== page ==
How public speaking is similar to essay writing

The world is full of opportunities to learn.

During the winter holiday, when I had a lot of free time, I discovered an incredible learning tool called MOOC, which stands for “massive open online course”. It turned out, to my surprise, that nowadays many leading universities offer their courses online free of charge. They do it on different platforms; the one I started from is edx.org.

In an amazing stroke of luck, the very first time I opened the “courses” page, the very first course I saw was Introduction to Public Speaking which, coincidentally, was to start in a week! I thought “Great! It never hurts to practice speaking!” and registered. I’m now glad I did! The course turned out to be excellent. It would take me a lot of time and effort to write about how useful the course was, so I’m not going to do it. Just take the course, I promise, you won’t regret it. There is, however, one task we did which I simply have to tell you about.

In this course we studied and prepared different types of speeches – Introductory, Impromptu, Informative,Persuasive. All of them fascinating and useful, but the most valuable one for those who are preparing for international exams is the impromptu speech.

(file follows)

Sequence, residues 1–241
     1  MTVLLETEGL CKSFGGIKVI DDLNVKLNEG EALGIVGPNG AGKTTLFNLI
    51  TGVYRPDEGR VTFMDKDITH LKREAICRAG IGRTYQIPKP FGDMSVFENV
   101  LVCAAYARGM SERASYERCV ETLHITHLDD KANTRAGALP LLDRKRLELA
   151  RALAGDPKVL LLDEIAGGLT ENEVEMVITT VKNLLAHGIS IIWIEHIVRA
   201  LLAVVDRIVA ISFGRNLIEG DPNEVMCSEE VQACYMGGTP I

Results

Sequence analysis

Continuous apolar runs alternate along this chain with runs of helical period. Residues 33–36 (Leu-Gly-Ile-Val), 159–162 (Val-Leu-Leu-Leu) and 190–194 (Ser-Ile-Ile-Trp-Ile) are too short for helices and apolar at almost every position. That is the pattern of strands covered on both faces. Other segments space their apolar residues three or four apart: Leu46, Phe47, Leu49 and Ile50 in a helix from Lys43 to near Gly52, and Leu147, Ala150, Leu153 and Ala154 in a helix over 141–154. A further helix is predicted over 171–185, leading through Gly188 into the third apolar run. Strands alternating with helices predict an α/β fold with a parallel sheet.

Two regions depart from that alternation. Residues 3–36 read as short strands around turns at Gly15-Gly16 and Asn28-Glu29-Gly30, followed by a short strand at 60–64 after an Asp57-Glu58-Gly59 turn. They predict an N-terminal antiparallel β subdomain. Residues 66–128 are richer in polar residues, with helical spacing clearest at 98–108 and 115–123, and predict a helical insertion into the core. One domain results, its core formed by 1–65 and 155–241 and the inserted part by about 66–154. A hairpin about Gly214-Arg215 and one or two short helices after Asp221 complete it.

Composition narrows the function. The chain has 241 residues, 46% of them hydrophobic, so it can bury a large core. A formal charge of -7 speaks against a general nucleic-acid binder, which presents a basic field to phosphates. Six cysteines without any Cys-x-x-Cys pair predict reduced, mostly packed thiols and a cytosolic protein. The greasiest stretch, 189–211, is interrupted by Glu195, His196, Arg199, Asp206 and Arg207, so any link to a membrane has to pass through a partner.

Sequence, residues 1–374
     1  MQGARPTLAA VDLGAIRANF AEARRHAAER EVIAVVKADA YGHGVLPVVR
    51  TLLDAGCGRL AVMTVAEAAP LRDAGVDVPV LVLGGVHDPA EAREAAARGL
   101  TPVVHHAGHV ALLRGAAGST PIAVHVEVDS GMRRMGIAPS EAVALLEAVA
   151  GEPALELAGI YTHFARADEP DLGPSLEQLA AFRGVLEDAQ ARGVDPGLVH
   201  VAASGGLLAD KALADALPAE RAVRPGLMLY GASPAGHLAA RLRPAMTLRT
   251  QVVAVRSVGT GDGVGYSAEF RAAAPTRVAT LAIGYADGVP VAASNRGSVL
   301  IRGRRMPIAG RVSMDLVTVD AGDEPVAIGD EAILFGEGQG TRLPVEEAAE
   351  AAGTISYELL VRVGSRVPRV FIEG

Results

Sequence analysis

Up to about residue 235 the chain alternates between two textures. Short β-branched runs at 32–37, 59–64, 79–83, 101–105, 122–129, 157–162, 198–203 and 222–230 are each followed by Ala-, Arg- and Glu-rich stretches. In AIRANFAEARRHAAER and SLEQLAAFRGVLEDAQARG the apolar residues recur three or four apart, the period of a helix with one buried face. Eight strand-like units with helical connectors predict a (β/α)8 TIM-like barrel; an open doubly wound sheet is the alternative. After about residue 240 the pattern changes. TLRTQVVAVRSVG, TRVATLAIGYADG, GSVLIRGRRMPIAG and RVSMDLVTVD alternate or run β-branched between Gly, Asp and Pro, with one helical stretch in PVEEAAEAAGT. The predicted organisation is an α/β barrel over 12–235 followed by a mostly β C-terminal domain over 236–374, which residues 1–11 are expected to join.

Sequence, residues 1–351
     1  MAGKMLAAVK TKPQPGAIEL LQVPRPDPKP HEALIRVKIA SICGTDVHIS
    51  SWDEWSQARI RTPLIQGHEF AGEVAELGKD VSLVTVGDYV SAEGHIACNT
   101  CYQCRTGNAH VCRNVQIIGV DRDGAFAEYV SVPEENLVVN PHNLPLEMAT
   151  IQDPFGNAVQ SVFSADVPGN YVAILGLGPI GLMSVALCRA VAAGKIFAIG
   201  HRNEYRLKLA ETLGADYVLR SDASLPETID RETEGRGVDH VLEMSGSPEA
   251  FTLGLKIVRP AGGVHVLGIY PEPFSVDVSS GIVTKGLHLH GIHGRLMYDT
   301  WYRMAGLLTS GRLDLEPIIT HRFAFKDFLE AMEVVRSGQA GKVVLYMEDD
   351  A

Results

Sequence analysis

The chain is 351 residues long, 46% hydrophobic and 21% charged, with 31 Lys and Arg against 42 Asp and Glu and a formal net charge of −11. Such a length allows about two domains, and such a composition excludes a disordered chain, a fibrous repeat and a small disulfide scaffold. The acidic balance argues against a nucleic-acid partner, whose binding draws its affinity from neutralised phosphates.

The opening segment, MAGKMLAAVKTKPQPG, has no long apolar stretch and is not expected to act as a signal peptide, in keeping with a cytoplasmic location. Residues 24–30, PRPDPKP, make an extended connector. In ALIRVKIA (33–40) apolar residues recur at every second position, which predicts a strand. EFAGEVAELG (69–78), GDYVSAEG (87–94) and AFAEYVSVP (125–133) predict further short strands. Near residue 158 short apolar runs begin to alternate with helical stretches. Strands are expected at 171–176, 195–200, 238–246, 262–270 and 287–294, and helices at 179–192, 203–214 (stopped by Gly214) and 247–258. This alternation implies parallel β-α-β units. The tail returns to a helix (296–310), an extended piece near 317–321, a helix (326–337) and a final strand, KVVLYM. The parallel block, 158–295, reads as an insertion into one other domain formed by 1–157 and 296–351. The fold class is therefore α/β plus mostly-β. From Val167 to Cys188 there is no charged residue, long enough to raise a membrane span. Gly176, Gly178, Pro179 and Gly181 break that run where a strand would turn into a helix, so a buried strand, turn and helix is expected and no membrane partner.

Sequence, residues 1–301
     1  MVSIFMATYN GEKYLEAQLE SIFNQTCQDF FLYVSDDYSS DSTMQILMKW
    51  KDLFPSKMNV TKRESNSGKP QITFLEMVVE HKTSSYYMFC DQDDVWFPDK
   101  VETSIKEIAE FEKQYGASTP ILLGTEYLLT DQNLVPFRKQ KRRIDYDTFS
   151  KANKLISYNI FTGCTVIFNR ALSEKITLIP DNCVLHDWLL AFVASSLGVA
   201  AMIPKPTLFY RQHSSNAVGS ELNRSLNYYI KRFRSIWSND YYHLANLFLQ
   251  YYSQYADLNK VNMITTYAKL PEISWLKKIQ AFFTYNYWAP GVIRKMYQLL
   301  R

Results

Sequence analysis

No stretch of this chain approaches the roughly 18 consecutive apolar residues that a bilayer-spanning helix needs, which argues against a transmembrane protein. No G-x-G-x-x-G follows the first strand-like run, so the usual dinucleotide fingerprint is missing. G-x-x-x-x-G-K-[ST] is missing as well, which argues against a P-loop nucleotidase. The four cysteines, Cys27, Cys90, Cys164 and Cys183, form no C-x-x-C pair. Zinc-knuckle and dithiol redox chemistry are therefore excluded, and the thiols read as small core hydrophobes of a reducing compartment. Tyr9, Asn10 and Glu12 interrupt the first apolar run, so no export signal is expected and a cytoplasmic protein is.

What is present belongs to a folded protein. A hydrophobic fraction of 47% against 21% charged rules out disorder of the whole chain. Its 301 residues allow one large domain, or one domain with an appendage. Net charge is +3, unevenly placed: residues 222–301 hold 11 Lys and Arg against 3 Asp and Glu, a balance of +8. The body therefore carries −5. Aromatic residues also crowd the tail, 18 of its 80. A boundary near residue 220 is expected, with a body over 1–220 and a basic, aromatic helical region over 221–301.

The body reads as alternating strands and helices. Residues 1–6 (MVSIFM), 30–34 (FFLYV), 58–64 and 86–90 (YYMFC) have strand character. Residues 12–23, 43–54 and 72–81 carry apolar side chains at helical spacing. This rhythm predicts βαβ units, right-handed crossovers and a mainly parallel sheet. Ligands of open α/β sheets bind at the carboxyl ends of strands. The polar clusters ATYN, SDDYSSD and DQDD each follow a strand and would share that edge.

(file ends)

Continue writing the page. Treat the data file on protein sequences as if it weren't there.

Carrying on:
Impromptu means “not planned or prepared”. So the impromptu speech is a type of speech you must be able to make without preparing beforehand. And the goal the teacher set for us went like this “My main goal for this speech is that you are able to quickly arrange and deliver a clear and well-supported argument. Your speech must be clear, which requires you to include previews, reviews, and transitions. Your speech needs to have, at its heart, a well-organized and solid argument.” What’s so special about this goal? Well, the thing is, it is almost word-for-word one of the assessment criteria for essays in all international exams!

Now look at the structure of the impromptu speech

What does it look like? Correct. It looks like an essay structure.
Or, in more detail:

Introduction

State your thesis

Preview of your main points

First main point

Statement of your first main point

Provide and explain two pieces of support illustrating the first main point

Conclude your first main point

Second main point

Statement of your second main point

Provide and explain two pieces of support illustrating the second main point

Conclude your second main point

Conclusion

Restate the your thesis statement and review your two main points

Conclude your speech

This structure helps you to quickly and spontaneously generate and express your ideas in a way that makes it easy for the listener / reader (for example, the examiner) to understand what you are trying to get across and why. Of course, you can change this structure a little and adapt it to your needs and time frame, but on the whole, it’s a great foundation not only for a speech, but also for an essay.

On top of all that, the instructor – Matt McGarrity – is outstanding! If you ever see this MOOC on any platform, register immediately!

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